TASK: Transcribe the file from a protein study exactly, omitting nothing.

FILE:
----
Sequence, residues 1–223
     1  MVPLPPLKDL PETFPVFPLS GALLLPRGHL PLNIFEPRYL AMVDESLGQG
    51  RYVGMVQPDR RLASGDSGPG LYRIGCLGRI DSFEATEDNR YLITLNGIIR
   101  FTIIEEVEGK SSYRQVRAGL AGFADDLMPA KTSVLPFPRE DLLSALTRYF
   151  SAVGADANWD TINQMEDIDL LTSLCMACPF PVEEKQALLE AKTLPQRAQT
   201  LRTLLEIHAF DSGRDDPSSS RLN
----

Sequence, residues 1–223
     1  MVPLPPLKDL PETFPVFPLS GALLLPRGHL PLNIFEPRYL AMVDESLGQG
    51  RYVGMVQPDR RLASGDSGPG LYRIGCLGRI DSFEATEDNR YLITLNGIIR
   101  FTIIEEVEGK SSYRQVRAGL AGFADDLMPA KTSVLPFPRE DLLSALTRYF
   151  SAVGADANWD TINQMEDIDL LTSLCMACPF PVEEKQALLE AKTLPQRAQT
   201  LRTLLEIHAF DSGRDDPSSS RLN